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tgrang13 has commented on (37) products.

Government's Place in the Market (Boston Review Books) by Eliot Spitzer
Government's Place in the Market (Boston Review Books)

tgrang13, August 8, 2012

I liked this book a lot, however I don't think it is worth the money. It is only 83 pages, and took me about an hour to get through it (and I am a slow reader). What I really liked about it though, was that Spitzer's points were clear and concise. Very easy to understand even for someone who does not know a lot about economics, such as myself. The responses to critique on the role of government in the marketplace were also presented in the same way. I think it is a very good book for reference, though. I know that I will probably use it in the future to write papers for college and the like. I would recommend it, but I would try to get it used.
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The Speech: A Historic Filibuster on Corporate Greed and the Decline of Our Middle Class by Bernie Sanders
The Speech: A Historic Filibuster on Corporate Greed and the Decline of Our Middle Class

tgrang13, August 7, 2012

This book was so inspiring. I want to be Bernie Sanders if I grow up!! It is a transcript of the historic speech that Bernie Sanders gave on the Senate floor in 2010. He went on for about 8 1/2 hours, and the man is 70 years old! He talks about so many things that are so important to know if you want to be an informed voter. If you are ready to find out how tax cuts for the rich really work, then read this book. Actually, I believe that everyone should read this book. Senator Sanders is the longest serving Independent in Congress, and I have a feeling he will continue to be as long as he still wants to job. He speaks of the real disparities that are going on in America and poses questions such as why are we giving billionaires tax breaks when we are cutting important spending such as Social Security, Medicare/Medicaid, education, and investment into our crumbling infrastructure. I highly recommend this book.
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(3 of 3 readers found this comment helpful)

Corporations Are Not People: Why They Have More Rights Than You Do and What You Can Do about It by Jeffrey D Clements
Corporations Are Not People: Why They Have More Rights Than You Do and What You Can Do about It

tgrang13, July 30, 2012

I was expecting a lot more from this book, honestly. I thought that it was good, but it is really not a "definitive guide to overturning Citizens' United" as is stated at the top of the cover. However, there was a lot of interesting insight as to why we got to where we are today in the debate of whether or not corporations are people(by the way, they are not), and if they are afforded the same rights to free speech as actual humans. I enjoyed this book, but I don't think that I would recommend it to a lot of people. If you do want to read it, I would just go into it knowing that it is basically a history lesson on how our government concluded that corporations are people.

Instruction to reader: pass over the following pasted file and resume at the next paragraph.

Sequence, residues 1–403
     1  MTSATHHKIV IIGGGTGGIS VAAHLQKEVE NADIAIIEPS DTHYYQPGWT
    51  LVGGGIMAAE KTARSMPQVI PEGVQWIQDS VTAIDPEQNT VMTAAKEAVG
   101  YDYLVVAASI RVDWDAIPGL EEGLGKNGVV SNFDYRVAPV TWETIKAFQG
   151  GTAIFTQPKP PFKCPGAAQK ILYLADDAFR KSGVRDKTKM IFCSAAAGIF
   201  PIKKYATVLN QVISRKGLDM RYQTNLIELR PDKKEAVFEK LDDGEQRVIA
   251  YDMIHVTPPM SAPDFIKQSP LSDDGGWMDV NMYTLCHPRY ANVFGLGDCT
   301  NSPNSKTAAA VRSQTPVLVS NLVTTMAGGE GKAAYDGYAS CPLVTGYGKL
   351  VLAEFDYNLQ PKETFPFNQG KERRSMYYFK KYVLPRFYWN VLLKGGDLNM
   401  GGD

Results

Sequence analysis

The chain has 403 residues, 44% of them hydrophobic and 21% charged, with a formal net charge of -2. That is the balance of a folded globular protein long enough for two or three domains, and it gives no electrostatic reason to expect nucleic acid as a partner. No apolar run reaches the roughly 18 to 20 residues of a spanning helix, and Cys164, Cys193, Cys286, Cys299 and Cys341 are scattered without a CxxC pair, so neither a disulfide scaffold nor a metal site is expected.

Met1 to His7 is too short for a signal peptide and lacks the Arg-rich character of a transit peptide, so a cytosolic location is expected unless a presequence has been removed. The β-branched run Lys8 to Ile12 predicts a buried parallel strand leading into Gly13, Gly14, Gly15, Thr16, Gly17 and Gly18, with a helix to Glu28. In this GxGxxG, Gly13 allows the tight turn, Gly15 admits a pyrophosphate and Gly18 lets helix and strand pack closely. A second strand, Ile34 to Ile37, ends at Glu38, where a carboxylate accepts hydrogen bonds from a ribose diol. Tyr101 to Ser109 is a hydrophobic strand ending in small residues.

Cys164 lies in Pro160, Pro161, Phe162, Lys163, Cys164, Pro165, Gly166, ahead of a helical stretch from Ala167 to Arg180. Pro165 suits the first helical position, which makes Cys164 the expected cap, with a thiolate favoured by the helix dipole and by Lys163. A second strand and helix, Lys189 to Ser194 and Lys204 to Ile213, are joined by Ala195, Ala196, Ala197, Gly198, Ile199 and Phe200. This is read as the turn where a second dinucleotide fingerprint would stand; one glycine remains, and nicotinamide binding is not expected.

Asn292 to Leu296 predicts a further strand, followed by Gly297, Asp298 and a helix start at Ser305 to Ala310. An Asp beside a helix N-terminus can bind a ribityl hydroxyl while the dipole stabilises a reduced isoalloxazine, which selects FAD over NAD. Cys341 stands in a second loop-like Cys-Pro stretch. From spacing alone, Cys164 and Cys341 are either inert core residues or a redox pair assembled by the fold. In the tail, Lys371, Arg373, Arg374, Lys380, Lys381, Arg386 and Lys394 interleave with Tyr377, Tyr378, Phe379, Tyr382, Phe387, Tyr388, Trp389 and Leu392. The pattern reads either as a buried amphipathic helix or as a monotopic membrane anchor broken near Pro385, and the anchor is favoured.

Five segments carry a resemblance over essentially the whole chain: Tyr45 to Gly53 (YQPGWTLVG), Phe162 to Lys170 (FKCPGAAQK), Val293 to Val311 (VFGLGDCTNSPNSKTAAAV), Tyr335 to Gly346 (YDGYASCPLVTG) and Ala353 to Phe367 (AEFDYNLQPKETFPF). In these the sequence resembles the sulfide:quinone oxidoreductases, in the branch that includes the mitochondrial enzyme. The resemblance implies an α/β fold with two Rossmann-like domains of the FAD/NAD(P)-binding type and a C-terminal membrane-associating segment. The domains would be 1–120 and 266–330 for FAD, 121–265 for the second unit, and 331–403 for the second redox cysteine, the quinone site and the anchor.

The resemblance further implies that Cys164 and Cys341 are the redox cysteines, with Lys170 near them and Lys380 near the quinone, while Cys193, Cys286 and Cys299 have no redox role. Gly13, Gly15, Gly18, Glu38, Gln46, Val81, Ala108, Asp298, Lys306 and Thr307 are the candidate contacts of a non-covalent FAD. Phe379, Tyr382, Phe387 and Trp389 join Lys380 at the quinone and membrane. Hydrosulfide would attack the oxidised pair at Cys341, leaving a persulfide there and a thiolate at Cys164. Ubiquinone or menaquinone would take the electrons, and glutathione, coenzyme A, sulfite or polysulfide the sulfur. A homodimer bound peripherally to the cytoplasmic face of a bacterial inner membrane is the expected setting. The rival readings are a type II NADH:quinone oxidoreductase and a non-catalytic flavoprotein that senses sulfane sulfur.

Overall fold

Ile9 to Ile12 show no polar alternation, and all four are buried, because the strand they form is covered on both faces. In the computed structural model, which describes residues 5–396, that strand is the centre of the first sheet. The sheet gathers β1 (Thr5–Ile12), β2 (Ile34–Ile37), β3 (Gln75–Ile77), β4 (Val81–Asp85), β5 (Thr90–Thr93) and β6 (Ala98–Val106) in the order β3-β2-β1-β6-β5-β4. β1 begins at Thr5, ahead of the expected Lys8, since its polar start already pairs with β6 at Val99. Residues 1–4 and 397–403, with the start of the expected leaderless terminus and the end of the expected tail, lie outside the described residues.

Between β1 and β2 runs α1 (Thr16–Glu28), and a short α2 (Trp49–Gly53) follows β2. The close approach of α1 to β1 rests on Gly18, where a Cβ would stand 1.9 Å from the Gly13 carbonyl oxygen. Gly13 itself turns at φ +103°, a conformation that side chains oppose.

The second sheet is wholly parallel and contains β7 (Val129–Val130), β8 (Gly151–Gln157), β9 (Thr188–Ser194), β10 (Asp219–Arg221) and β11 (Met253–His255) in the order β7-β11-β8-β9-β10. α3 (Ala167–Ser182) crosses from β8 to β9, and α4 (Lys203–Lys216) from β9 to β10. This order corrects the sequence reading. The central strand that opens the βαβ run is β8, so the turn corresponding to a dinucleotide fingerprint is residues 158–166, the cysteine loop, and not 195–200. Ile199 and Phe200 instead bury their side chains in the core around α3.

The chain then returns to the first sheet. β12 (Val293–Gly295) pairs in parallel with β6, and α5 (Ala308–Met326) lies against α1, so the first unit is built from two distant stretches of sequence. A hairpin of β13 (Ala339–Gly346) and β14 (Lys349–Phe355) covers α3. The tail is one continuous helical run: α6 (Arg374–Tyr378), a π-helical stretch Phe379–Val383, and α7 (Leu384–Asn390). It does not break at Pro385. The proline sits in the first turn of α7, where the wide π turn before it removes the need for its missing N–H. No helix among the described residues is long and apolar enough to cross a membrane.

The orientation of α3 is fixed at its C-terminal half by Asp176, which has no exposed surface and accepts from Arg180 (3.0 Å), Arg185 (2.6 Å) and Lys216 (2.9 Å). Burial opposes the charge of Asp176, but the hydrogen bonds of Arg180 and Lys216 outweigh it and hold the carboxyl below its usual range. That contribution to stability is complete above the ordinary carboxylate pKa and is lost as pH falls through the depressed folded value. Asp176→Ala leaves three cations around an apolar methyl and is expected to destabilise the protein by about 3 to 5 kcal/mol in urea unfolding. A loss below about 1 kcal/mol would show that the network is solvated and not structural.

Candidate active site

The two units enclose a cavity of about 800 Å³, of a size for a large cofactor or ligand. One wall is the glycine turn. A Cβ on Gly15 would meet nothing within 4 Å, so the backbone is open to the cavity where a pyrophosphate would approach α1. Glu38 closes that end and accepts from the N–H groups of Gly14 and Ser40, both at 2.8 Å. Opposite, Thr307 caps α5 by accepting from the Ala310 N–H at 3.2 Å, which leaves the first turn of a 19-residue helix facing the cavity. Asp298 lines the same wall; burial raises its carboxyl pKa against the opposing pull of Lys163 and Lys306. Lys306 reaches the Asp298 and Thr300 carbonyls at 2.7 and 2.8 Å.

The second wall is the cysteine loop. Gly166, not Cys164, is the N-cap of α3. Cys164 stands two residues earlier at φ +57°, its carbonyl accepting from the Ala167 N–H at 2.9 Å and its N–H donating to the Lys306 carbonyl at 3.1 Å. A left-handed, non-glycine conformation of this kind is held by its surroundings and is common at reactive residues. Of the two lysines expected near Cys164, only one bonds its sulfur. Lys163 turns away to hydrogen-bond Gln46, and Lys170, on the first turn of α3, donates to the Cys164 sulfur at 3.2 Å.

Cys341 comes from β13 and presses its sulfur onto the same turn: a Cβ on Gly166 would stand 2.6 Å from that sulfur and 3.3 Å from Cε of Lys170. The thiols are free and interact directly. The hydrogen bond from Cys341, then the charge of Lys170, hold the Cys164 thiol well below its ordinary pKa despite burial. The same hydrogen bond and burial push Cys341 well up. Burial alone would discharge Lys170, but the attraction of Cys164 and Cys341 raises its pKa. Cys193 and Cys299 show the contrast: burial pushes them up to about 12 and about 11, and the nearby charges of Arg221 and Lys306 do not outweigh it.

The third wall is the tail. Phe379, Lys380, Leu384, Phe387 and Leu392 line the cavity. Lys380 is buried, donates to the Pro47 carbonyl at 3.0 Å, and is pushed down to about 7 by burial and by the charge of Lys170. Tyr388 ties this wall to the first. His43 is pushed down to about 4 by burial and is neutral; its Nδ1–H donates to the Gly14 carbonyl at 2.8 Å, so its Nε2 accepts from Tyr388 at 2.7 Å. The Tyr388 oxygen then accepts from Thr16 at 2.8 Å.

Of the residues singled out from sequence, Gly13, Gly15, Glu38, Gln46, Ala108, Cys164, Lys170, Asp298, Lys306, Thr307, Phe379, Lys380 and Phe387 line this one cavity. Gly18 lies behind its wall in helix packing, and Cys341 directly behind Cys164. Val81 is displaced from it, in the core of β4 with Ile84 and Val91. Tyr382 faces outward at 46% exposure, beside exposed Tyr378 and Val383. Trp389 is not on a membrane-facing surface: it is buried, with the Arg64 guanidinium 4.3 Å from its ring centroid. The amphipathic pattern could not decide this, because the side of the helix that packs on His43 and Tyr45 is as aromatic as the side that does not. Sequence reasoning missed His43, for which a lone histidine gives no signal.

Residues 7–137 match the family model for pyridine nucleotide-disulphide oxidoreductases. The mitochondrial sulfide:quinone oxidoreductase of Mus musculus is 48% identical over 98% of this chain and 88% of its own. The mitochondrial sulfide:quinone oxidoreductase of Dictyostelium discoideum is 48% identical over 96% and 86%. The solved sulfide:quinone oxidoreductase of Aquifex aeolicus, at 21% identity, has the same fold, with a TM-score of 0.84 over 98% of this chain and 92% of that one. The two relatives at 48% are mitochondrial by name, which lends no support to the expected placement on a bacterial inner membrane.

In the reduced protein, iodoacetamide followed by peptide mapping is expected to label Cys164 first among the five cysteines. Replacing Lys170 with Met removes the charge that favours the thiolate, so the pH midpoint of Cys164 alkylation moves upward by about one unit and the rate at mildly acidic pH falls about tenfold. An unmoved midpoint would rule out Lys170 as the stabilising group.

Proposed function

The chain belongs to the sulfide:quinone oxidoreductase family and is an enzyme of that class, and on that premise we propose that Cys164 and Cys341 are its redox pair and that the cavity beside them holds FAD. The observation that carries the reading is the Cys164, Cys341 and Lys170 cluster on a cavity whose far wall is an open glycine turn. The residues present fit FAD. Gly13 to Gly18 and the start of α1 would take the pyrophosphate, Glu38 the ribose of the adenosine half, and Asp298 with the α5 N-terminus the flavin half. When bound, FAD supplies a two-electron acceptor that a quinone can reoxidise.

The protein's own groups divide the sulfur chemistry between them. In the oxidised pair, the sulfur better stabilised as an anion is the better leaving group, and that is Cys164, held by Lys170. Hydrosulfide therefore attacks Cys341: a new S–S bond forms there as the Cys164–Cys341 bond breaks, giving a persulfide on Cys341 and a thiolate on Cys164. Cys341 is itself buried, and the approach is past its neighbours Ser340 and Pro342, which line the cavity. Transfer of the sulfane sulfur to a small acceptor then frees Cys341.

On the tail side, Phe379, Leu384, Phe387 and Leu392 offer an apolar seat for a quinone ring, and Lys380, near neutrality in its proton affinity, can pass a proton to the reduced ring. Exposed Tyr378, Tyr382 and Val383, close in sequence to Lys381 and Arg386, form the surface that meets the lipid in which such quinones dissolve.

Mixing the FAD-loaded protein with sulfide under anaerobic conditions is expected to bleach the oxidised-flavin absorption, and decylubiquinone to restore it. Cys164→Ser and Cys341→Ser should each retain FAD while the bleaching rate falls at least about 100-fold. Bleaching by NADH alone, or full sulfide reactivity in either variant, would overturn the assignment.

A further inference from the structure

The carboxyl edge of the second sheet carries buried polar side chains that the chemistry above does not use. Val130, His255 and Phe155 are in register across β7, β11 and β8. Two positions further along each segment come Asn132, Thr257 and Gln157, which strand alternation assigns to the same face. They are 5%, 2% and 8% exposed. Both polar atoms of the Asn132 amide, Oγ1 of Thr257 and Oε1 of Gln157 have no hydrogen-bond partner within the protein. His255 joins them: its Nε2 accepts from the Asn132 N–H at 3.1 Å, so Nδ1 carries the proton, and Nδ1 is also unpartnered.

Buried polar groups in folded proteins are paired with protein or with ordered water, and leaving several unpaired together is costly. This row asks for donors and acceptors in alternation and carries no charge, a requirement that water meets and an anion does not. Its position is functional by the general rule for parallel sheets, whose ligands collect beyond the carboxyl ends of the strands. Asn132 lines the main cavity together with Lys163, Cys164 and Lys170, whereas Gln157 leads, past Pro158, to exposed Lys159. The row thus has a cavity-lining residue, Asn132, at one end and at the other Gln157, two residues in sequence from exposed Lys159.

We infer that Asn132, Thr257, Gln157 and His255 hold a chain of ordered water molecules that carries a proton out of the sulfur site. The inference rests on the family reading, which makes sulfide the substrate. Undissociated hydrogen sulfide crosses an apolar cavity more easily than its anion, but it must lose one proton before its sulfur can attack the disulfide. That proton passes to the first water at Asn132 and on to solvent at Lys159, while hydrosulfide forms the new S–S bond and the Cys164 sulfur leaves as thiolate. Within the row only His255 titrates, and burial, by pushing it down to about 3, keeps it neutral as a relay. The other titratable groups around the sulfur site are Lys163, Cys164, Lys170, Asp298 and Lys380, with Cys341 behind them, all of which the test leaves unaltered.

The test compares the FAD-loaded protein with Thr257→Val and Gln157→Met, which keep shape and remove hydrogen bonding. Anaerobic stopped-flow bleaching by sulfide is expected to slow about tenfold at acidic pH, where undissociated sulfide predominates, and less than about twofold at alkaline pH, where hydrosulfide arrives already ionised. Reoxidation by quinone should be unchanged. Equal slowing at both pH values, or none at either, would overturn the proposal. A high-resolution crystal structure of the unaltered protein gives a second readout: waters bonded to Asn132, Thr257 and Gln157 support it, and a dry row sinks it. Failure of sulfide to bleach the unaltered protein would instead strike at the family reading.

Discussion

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The New Jim Crow: Mass Incarceration in the Age of Colorblindness by Michelle Alexander
The New Jim Crow: Mass Incarceration in the Age of Colorblindness

tgrang13, July 17, 2012

Michelle Alexander is a genius. This book is one of the most well-researched books I have ever read. No stone was left unturned. She explains the history of how we got to the position we are in with the mass incarceration of black men all the way from the days of slavery. She helped me to understand that segregation is still alive and well, it only wears a new mask. The details of this book are certainly troubling, though. It is basically going to take a lot of work and a long time before a dent is even put into the problem of America's new segregation. This book also explains how we have developed a racial caste system via incarceration. So many subjects in this book are covered pertaining to the issue of mass incarceration in the days of "colorblindness." Everything from racial profiling, to political gains, to Supreme Court cases that have not only allowed for all of this to happened, but almost encouraged it through their outrageous decisions. I would highly recommend this book to everybody I know, but one be warned that it is very intense and in-depth. It is almost textbook-like. All of it was absolutely fascinating, but it was definitely not a quick read for me. I enjoyed all of it regardless.
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(10 of 11 readers found this comment helpful)

Better Than Sex by Hunter S Thompson
Better Than Sex

tgrang13, July 5, 2012

The first 100 or so pages of this book are absolutely hilarious! However, the rest starts to drag on quite a bit and it loses its freshness. It starts to become a little bit repetitive with all the letters and faxes that he writes that none of us outsiders would understand. Overall, still a very good read though. Dr. Thompson is one of my favorite authors, and although this is not my favorite book that I read by him, I would still recommend this to anybody, especially if they like politics as much as I do. However, if you are not old enough to remember a lot of the details about the Clinton campaign and the beginning of his presidency, then you might be a little lost with some of the material. But it is classic gonzo.
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